By: Christopher Sirota, CPCU
Harvest season is arriving in many countries that are embattled with the COVID-19 pandemic. Fruits, berries and many green leaf vegetables have a small window of opportunity to be picked, and they reportedly need to be picked by hand. That hand, Bloomberg reports, is more likely than not the hand of a migrant worker, one who also more likely than not will reportedly be exposed to COVID-19 multiple times during the season.
Bloomberg explains that the U.S., Canada, Western Europe, the UK and Russia, for example, all depend on labor from migrant workers who reside in different countries, such as Latin America, Jamaica, and North Africa, to harvest and plant crops. The U.S. alone reportedly relies on about 500,000 seasonal migrant workers at harvest season, which started in May. Migrant workers reportedly often travel for long, crowded distances and typically reside temporarily in tight quarters. Such conditions can spell trouble for avoiding the coronavirus. In addition, the article notes that they may work on several farms in different states as the months progress, thus increasing the chance of spreading the virus.
Per the article, extreme situations have already arisen, such as one farm in Tennessee where all 200 workers tested positive for COVID-19. Across the country, the article points to another hot spot:
Washington state’s Yakima County, an agricultural area that produces apples, cherries, pears and most of the nation’s hops, has the highest per capita infection rate of any county on the West Coast.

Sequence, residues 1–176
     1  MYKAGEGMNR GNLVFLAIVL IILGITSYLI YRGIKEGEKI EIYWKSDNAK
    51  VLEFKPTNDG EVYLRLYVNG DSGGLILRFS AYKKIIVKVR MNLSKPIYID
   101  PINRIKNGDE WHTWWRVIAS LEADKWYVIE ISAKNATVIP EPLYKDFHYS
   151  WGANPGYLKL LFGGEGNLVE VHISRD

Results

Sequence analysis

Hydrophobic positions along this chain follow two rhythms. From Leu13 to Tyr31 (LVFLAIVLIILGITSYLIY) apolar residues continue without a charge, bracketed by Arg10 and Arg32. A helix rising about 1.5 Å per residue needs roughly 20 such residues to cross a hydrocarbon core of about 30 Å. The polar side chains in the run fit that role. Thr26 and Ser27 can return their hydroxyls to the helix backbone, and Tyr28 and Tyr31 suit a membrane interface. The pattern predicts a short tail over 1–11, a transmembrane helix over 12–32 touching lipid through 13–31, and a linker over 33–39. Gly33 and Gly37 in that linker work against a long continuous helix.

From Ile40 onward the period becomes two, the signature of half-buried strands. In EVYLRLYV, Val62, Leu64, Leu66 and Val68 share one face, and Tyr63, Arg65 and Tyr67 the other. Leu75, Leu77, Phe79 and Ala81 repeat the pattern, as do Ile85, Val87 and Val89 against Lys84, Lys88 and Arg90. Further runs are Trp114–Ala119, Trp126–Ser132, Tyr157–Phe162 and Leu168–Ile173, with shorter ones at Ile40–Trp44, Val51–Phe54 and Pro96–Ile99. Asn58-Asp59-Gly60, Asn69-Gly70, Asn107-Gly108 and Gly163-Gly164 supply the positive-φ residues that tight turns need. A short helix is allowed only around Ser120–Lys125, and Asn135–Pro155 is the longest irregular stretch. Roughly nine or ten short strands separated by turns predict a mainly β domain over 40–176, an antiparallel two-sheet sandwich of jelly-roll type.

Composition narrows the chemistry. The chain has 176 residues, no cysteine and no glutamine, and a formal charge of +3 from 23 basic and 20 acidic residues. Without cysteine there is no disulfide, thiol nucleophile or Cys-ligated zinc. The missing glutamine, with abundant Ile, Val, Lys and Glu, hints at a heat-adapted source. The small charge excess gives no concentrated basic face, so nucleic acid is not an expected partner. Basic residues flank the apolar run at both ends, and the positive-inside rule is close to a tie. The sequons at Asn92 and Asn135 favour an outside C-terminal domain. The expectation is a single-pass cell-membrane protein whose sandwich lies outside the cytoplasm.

The welfare of these workers may be of particular concern given that many may not speak the local language, which can further complicate getting access to healthcare. To address this concern, for example, the aforementioned Tennessee farm is offering free healthcare to workers; also, an industry association in Florida is reportedly encouraging increasing safety protections, such as providing masks and hand sanitizers, and staggering worker's time schedules to reduce crowding.
Experts reportedly believe that if many farm workers fall ill with COVID-19, there could be significant supply chain impact, effectively reducing the supply of certain fruits and vegetables. However, the article notes that such reduction may not immediately lead to increased prices since many restaurants are still closed, thus keeping the demand low.
Lastly, Bloomberg adds that the U.S. Department of Agriculture is working with the U.S. Centers for Disease Control and Prevention and the Occupational Safety and Health Administration to develop safety protocols for farms.